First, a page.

There is nothing at all in the literature to indicate that the Children of Israel were thinking of taking over Egypt, or fighting the Egyptians. This is all pure “the Jews have taken over international financing in order to conquer the world” stuff. Protocols of the elders of Zion, Egyptian style.

Pharoah first instructs Shifra and Puah, the Israelite midwives (commonly belived to be Miriam and Yocheved), to kill all the Hebrew babies. Yet, Pharaoh realizes that this is not suffiicient. At this point, Pharoah's astrologers have seen that the saviour of the slaves will soon be born, but they cannot see if he is to be Hebrew, or Egyptian. They also see something about water, but they are a little fuzzy on this point. And so, Pharaoh, in his great wisdom and mercy, decrees that ALL baby boys, when born, are to be thrown into the river, Hebrew or Egyptian. The fear and hatred of the Jews is great enough to sacrifice their own babies.

Point to ponder #2.

"And there went a man of the house of Levi, and took to wife a daughter of Levi." Shmot 2:1. We know that this is Amram and Yocheved, but at this point neither is named. Yocheved is named as one of the 70 souls entering Egypt with Yaakov. She was born just as they arrive. Our sages have calculated that at this point in the story, she is 130 years old. When Sarah gives birth to Yitzchak she is 90 years old, and much is made of the miracle of his birth, and how an old women was able to give birth. Yocheved, on the other hand, is not even named. No mention of any miracles, no mention of her appearance, or how she reacted to the news of being pregnant. Why is that? One explanation is that there were so many miracles going on at that time amongst the Israelites that giving birth at 130 was not such a big deal. Many women were giving birth at advanced ages. Women, in awful conditions, were giving birth – according to the Midrash – to six babies at a time. Shifra and Puah were credited not only for not killing newborn babies, but also in resuscitating those who had died from natural causes. From this we learn that it is easy to overlook miracles when there are so many occurring all around. Sometimes we take things for granted, especially when everything is going well. You don’t notice the babies who DON’T die.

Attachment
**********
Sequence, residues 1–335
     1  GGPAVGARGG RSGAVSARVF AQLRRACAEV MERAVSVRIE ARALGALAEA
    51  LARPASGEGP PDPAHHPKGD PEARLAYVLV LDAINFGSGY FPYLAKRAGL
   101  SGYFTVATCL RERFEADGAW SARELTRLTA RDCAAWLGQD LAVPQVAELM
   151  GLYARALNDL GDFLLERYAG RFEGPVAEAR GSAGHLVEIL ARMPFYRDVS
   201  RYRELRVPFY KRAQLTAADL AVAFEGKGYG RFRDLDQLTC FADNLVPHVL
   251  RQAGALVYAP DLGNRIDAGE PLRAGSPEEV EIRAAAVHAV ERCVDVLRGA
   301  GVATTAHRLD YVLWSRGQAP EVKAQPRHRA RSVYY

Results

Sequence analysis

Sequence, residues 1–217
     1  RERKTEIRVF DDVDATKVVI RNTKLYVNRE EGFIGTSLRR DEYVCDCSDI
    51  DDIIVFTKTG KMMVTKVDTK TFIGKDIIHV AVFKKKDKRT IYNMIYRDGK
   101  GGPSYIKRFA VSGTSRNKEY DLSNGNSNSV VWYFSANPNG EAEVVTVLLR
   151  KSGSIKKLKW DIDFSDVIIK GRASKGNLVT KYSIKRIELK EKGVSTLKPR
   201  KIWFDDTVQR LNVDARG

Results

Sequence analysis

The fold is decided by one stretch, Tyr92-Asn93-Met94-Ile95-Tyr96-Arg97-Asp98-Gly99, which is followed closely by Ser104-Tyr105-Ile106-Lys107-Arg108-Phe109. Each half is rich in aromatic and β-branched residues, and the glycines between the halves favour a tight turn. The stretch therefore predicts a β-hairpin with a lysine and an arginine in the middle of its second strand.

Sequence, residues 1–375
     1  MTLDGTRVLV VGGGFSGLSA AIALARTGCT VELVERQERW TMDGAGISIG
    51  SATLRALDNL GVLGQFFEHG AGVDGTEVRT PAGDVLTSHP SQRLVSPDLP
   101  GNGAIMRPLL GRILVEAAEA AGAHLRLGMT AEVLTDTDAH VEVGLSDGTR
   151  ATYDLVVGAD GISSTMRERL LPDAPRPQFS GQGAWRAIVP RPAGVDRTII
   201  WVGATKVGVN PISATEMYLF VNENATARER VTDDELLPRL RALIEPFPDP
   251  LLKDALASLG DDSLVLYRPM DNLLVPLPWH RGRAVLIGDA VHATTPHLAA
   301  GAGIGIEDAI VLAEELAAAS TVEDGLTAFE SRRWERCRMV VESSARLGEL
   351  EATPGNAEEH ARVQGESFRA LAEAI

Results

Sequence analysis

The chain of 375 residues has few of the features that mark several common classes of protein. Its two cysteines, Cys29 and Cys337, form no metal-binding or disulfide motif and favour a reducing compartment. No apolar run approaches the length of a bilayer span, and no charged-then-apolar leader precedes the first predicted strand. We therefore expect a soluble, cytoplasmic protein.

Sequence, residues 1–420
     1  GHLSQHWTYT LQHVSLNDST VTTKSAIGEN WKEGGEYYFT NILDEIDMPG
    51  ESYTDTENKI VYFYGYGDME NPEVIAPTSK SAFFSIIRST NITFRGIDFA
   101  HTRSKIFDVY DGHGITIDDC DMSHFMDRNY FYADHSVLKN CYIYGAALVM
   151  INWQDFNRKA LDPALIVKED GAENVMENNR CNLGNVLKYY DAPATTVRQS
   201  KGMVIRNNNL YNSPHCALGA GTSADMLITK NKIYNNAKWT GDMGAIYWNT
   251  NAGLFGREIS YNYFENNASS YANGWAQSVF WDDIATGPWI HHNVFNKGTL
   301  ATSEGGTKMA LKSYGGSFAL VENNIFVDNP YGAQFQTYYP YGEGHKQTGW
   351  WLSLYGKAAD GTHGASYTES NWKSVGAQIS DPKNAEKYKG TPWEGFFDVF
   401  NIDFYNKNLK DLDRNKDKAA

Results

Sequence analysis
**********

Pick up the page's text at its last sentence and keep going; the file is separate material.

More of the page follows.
The trick, the hard part, is to see the miracles as they occur, and for what they are, G-d's proof of His love for us. Which brings me to:

Point to ponder #3.

G-d, being omnipotent, could have simply taken the Children of Israel out of Egypt with a snap of His fingers. But He didn’t. He first had to impose the ten plagues on the people of Egypt. He began by turning the water to blood. Why was blood the first plague? There are many explanations of this, not the least of which is that the river was considered holy; G-d wanted the Egyptians to understand that He and only He was the true G-d. Along with this explanation, however, it is also suggested that the river was chosen for the plague because of its very lack of change. The river was always there. It could always be depended upon. It was not at the mercy of rainfall. The river was never changing. And the people took it completely for granted. It was only when it changed that they realized how much they depended on it, and how lucky they were to have it. The next plague, frogs, emphasizes this even more. Frogs are totally innocuous. They don’t harm, and they don’t help. They are just kind of there. And nobody ever notices frogs, until they take over. This was one of G-d’s purposes in the plagues; to make people aware of G-d, not only in times of trouble, but to understand that a lack of trouble is also G-d’s work.